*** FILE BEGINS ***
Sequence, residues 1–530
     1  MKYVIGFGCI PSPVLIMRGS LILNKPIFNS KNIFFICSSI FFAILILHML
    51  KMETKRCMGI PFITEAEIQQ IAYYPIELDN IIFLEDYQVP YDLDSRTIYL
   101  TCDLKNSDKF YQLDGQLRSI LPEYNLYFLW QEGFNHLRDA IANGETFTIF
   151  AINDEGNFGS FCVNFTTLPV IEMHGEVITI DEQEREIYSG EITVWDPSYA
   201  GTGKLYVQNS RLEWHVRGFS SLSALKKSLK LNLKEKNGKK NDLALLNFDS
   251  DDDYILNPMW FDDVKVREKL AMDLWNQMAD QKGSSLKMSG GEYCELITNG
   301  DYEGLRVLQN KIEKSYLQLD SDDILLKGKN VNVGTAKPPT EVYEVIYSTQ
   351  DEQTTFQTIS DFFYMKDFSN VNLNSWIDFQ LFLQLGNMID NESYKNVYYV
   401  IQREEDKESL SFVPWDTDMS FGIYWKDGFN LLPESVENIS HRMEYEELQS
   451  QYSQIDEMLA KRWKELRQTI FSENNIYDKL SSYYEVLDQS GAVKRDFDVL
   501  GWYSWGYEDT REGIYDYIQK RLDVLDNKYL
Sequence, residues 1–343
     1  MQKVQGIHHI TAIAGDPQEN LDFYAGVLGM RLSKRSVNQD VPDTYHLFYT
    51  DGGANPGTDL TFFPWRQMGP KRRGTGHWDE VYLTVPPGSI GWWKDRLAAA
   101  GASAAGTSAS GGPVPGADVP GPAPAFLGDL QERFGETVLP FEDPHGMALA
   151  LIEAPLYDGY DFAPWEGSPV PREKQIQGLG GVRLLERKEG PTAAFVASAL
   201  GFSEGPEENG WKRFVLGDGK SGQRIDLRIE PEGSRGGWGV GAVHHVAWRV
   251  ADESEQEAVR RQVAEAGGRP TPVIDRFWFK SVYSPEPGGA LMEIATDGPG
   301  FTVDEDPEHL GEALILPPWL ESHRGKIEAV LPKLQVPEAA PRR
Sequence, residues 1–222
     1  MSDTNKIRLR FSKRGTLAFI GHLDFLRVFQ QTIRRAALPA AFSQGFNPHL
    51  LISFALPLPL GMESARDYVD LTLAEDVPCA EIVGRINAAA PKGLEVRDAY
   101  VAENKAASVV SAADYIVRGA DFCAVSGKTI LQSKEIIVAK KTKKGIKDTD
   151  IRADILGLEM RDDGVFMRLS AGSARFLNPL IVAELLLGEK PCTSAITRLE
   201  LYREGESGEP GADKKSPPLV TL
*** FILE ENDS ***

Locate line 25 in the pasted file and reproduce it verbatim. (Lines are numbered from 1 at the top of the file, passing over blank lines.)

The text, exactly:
   151  IRADILGLEM RDDGVFMRLS AGSARFLNPL IVAELLLGEK PCTSAITRLE